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Packing Slip Template
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Packing Slip Template
Free packing slip template for download in Microsoft Word. This post explains packing slips for businesses, their components, and how to create and fill one out.
Logistics is the soul of the supply chain, but the average e-commerce business is often faced with a fat serving of logistical chaos and a large side of confusion. The root cause of these complications is usually a lack of coherence and clarity among key players in the supply chain—sellers, purchasers, and shippers.
It takes accountability between buyer and seller to ensure the successful delivery of purchased goods after payment. That said, accountability in logistics can be achieved with the help of a packing slip.
How so? Think of packing slips as a safety net for your fulfilment of orders against pick-and-pack errors, since they begin with your team, through shippers, and end with your customers.
What is a Packing Slip?
A packing slip is a document that comprehensively lists the inventory needed to complete the order via shipment to customers. It typically comes inside the shipment, or is placed in a separate shipping pouch, and then attached to the package.
The details captured usually include the weights, SKU numbers, and inventory measurements.
Before loading up, the shipper uses the packing slip (in the seller’s presence) to confirm if the items in the package match what’s on the slip. Upon receipt of the goods, the customer, again, refers to the packing slip to cross-verify if the shipped items tally with their purchase order on arrival.
That way, all parties involved in the transaction can trace any error, loss, or damage. A standard packing slip template includes:
- Your business information (including company name, logo, and address.
- Shipping address.
- The buyer’s contact information.
- An itemized list of the shipped commodities.
- The quantity of each item.
- The inventory number including the SKU (short for “stock-keeping unit”) or UPC, short for “universal product code”) of each item.
- Items excluded from the shipment.
Packing Slip Vs. Bill of Lading
It’s easy to confuse a Packing slip for a Bill of Lading as these two documents typically contain similar information. But they’re a bit different.
While a Packing slip is addressed from a vendor to the buyer to describe the content of the shipment and confirm dispatch, a bill of lading is handed from the carrier to the seller (who releases the consignment for shipping.)
The Bill of Lading is a legal document that describes the freight and its recipient and acknowledges that the carrier has received the shipment. Once both parties sign, the carrier automatically assumes responsibility for the cargo.
On the whole, the bill of lading absolves the seller of liability arising from contingencies, risks, damage, or losses during transit.
Importance of Packing Slips for Businesses
Recently, organizations like Amazon have begun dialling down on paper packing slips to curb packaging waste. Yet, there’s no downplaying the significance of packing slips, especially when securing transparency in your transactions, regardless of the business operating model.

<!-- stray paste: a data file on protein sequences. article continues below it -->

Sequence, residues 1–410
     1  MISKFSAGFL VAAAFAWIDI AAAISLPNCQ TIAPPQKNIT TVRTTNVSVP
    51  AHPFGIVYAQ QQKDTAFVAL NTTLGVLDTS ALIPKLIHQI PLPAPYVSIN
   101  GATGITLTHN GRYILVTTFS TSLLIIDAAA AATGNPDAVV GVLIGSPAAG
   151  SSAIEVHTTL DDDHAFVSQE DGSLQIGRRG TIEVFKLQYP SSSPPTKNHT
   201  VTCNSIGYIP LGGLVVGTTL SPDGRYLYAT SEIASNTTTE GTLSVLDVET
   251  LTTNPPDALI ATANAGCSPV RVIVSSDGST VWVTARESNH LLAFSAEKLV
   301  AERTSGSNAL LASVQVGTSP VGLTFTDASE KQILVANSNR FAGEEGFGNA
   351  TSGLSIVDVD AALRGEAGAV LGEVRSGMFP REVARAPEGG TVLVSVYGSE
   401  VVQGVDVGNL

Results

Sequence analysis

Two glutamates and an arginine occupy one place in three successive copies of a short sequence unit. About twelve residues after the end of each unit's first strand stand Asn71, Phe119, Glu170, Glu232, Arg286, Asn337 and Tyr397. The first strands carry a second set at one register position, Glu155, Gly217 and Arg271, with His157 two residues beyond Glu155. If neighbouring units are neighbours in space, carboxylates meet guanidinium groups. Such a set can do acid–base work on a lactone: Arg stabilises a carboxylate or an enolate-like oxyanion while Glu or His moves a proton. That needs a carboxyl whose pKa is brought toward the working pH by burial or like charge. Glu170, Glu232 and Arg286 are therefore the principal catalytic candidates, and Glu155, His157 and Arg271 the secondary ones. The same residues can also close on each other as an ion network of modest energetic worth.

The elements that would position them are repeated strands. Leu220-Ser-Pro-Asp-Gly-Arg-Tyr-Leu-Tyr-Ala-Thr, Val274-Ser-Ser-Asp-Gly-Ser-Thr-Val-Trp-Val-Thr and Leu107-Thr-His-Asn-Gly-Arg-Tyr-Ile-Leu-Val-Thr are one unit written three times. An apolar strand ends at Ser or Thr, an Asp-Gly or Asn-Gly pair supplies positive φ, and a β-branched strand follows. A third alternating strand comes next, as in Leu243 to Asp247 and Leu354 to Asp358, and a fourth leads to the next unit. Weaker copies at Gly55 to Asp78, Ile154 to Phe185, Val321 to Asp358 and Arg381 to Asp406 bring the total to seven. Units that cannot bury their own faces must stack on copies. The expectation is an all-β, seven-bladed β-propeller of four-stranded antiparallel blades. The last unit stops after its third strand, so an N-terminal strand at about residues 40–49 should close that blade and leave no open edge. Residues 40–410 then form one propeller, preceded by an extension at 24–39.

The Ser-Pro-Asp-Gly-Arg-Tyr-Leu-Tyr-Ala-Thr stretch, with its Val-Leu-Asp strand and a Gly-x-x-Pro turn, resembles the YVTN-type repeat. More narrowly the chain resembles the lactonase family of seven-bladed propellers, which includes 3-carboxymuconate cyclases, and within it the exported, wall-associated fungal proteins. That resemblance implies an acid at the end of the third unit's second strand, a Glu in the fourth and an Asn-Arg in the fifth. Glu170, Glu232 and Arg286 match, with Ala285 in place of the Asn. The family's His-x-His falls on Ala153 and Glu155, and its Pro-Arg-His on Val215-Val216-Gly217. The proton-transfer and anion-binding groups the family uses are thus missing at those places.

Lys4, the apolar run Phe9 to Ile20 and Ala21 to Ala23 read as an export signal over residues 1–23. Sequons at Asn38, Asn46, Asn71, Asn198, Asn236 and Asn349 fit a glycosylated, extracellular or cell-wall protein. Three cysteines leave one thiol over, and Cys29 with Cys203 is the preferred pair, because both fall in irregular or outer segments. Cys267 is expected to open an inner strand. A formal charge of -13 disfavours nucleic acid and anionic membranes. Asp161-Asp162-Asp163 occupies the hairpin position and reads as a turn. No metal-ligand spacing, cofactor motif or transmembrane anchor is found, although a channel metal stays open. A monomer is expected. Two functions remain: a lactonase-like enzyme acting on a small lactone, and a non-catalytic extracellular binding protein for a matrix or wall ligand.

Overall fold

It remains the most reliable, accessible, and synchronized method to track items in eCommerce (since you’re not getting them from a brick-and-mortar store). Here’s why you should use packing slips:
- The warehouse/packing team uses packing slips to check/cross-check the content of a shipment.
- A packing slip enables customs to accurately estimate the freight value during international shipping.
- It helps the buyer track items in the shipment quickly and confirms that all the items were duly delivered, and received.
- It helps identify damaged items and fast-track refunds/returns, especially if paired with an RMA (Return Merchandise Authorization) form.
Packing Slip Template
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How to Use Packing Slip
Read to plug n’ play with an editable, free packing slip template? We’ve got you covered! Start plugging away with our downloadable packing slip template in MS Word by clicking (here). It’s completely free!
After downloading our free packing slip template, it’s only fair we show you how to work it:
- First, attach your company logo to the packing slip template, after which you should proceed to fill up details like your company name and address, postal code, contact number, and email.
- You should also fill up the afore-listed data set for your customer. Don’t forget the date of invoice, the name of the shipment company’s logistics services you will be engaging, and the tracking number.
- After the particulars of your company and that of your customer, head to the next part where the particulars of the products — purchase order number, quantity ordered, SKUs, dimensions, and a brief description of the goods — will be filled.
- Lastly, remember to devote maximum attention to detail in this segment before issuing your Packing Slip, as inaccuracies could confuse parties involved in the transaction.
A recent report from the National Retail Federation (NRF) in the USA revealed that retail businesses are most vulnerable to return fraud—the unscrupulous act of returning an item to stores after purchase, and in some cases, after unsealing or using such products.
Now that we’ve shown you how to use packing slips, you’re all set to operate from one ultimate source of truth while steering clear of return fraud and staying eco-friendly! Our free packing slip template is downloadable in MS Word, easy to use, and contains all you need to fulfil your order right the first time!
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